Georges Bank is an important fishing area located between Cape Cod and Sable Island. Under the jurisdiction of both Canada and the United States, Georges Bank is a productive spawning area for fish, shellfish, marine animals and seabirds.
Unama’ki’s five Mi’kmaq bands have commercial access to Georges Bank and fishes or have licenses for groundfish, tuna, swordfish and scallops in the areas that could be negatively affected if an oil spill occurs. Profits from fishing are returned to each community to fund infrastructure, housing, education, public works, social assistance, community services, health services, community recreation, youth and Elder outreach, suicide prevention, addiction support, counselling, policing and job creation.
In the late 1970s and early 1980s, oil companies drilled ten exploratory wells in Georges Bank that yielded no oil. Soon after, Canada and the United States signed a moratorium on oil exploration and production to ensure fisheries conservation. That moratorium is set to expire at the end of 2012. Now oil companies want to do more seismic testing or drill more exploratory wells to search for reserves that may be deeper.
Hubert Nicholas, Commercial Fisheries Coordinator with Unama’ki Institute of Natural Resources (UINR) explains, “Offshore oil exploration could jeopardize the financial benefits that Mi’kmaq communities enjoy from the fishery. We have begun to make changes in our communities to make the lives of our community members better. We are concerned that if something were to go wrong with offshore gas exploration, it would affect the species that live there as well as in the Bay of Fundy and Eastern Nova Scotia. While oil companies claim that they are safe, oil spills continue to occur and have a devastating effect on the environment.”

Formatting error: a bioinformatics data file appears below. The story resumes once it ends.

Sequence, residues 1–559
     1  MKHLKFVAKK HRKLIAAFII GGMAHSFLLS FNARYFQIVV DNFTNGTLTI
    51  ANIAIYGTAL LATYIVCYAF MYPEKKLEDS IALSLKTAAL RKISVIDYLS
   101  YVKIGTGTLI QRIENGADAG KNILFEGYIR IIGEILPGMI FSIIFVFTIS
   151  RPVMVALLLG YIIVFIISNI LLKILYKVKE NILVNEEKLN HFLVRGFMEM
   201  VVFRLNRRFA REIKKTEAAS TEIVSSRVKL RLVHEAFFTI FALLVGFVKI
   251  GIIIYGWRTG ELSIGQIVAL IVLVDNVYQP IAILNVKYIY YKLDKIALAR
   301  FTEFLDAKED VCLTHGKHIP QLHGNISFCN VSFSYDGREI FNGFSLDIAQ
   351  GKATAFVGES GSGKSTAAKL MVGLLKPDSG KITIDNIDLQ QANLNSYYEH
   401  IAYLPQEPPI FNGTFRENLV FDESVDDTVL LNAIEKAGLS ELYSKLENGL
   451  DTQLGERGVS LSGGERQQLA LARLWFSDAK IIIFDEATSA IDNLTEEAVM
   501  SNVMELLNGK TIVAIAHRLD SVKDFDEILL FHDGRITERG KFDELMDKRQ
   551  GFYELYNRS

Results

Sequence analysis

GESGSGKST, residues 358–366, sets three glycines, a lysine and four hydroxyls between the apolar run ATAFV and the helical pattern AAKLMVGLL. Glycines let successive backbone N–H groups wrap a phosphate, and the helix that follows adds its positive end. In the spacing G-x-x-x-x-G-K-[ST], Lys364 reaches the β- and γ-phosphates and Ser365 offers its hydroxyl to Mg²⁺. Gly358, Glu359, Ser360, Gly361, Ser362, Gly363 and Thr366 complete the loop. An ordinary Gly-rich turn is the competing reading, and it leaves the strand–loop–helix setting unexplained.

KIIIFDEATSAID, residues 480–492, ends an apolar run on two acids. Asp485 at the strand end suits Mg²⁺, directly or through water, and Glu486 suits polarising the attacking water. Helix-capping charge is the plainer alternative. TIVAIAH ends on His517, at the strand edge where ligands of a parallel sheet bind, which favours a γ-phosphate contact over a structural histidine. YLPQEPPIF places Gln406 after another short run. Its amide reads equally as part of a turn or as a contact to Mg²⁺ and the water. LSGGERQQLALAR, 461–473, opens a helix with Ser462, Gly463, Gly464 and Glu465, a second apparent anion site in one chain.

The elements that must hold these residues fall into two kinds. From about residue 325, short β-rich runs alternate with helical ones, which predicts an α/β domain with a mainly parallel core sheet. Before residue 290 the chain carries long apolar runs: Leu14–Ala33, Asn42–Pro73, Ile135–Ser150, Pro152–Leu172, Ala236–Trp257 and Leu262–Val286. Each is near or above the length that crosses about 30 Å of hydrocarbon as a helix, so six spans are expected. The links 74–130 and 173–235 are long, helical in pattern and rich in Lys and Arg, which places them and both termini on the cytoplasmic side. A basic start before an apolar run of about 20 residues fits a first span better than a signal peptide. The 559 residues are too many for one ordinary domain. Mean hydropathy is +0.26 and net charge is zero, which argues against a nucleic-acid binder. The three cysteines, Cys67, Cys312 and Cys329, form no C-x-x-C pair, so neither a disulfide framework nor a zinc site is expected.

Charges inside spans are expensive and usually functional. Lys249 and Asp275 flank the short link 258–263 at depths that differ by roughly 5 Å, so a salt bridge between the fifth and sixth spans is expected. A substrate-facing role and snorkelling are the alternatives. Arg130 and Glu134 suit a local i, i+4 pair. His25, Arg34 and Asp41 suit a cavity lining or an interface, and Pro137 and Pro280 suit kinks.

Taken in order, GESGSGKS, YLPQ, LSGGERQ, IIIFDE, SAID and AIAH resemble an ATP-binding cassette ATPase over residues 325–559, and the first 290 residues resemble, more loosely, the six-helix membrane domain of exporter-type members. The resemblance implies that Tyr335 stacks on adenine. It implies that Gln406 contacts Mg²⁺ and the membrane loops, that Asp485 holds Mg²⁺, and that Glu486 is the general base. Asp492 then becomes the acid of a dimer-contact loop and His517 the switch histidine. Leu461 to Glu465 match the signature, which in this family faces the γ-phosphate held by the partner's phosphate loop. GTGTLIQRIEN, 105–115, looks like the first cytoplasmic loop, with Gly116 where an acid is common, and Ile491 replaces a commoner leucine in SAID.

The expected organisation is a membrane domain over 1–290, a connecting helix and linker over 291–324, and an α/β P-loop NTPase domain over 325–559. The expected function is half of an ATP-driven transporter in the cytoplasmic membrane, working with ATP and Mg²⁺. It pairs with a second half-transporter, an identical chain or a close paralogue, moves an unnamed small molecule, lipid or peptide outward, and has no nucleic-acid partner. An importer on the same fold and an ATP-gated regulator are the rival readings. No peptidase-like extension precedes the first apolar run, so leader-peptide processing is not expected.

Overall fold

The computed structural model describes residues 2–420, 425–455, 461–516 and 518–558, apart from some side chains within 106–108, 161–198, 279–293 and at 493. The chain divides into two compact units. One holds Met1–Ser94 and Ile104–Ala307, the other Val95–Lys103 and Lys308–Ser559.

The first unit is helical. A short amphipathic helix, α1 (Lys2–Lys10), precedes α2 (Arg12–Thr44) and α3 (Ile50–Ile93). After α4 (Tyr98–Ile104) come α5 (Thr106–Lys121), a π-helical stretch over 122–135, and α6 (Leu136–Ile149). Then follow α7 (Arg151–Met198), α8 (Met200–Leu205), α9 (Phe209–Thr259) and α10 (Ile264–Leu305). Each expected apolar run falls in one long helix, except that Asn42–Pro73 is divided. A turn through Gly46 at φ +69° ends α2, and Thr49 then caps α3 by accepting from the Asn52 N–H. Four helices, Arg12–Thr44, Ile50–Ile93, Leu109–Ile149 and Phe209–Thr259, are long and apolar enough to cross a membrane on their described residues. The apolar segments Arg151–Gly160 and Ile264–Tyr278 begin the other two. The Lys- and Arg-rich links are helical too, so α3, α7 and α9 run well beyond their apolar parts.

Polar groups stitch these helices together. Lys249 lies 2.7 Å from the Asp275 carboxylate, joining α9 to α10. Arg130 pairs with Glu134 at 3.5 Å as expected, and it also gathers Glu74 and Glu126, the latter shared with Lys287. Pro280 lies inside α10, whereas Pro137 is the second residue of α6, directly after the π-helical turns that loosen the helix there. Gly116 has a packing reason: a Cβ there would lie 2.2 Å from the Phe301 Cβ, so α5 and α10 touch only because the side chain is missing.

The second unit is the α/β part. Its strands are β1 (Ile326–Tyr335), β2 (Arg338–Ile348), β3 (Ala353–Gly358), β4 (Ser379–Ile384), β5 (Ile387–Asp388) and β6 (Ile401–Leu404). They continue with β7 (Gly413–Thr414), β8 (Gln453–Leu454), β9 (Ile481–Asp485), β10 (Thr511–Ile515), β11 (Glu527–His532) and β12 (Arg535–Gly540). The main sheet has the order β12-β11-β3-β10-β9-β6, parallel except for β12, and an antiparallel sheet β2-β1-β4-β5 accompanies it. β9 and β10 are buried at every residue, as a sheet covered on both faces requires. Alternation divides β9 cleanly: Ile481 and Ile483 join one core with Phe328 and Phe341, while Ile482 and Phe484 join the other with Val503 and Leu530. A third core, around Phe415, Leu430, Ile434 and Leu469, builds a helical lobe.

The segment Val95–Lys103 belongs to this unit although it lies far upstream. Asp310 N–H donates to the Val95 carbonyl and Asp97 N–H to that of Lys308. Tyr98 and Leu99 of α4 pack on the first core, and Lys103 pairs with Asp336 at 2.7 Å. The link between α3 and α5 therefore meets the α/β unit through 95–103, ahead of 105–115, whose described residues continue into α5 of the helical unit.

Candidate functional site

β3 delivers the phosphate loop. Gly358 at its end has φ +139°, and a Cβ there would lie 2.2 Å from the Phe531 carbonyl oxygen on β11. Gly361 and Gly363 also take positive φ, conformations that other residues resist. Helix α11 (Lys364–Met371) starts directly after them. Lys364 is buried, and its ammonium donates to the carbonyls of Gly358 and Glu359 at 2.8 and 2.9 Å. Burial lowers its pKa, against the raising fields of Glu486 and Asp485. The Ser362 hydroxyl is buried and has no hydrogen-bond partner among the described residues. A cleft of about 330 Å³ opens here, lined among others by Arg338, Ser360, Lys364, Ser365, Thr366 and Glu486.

Lisa Young, Executive Director at UINR, feels that the importance of the species and the environment should not be overlooked. “As Mi’kmaq we have an inherent right to access and use our resources and a responsibility to use them in a sustainable way. The Mi’kmaq way of resource management includes a spiritual element that ties together people, plants, animals, and the environment. We have been responsible stewards of the environment for thousands of years and we never under-estimate the inherent importance of every species.”
UINR is an active member in NORIGS3, a coalition of aboriginal groups, fishermen, processors and environmentalists that are working to extend the moratorium and protect the fisheries and the environment. NORIGS3 is working with Fisheries and Oceans Canada as it develops a “State of the Knowledge Report,” summarizing new information that has come to light since the moratorium was established. NORIGS3 is particularly concerned that issues from First Nation’s communities are not being adequately addressed in the report. UINR feels that the potential benefits from oil explorations are small in comparison to the the importance of the fisheries in Atlantic Canada and the United States.
NORIGS3 is encouraging federal and provincial Ministers of fisheries, environment and energy to use the 1999 panel report that set the groundwork for the moratorium as a starting point to decide if the risks and recommendations outlined in the report should be re-examined, or whether the moratorium should be extended for another ten-year period. If the Ministers decide there have been significant changes, they should initiate another impartial review panel that would be responsible for collecting relevant scientific information, coordinating further research and holding consultation sessions to gain public input before producing further recommendations on the moratorium beyond 2012.
Hubert concludes, “The fisheries in Georges Bank are important to the people of Unama’ki and our concern extends to the environmental consequences that oil exploration and production could have on the area. We feel that the benefits we now enjoy from the fisheries and the importance of the area to the species that live there greatly outweigh any perceived benefit that drilling for oil would have.”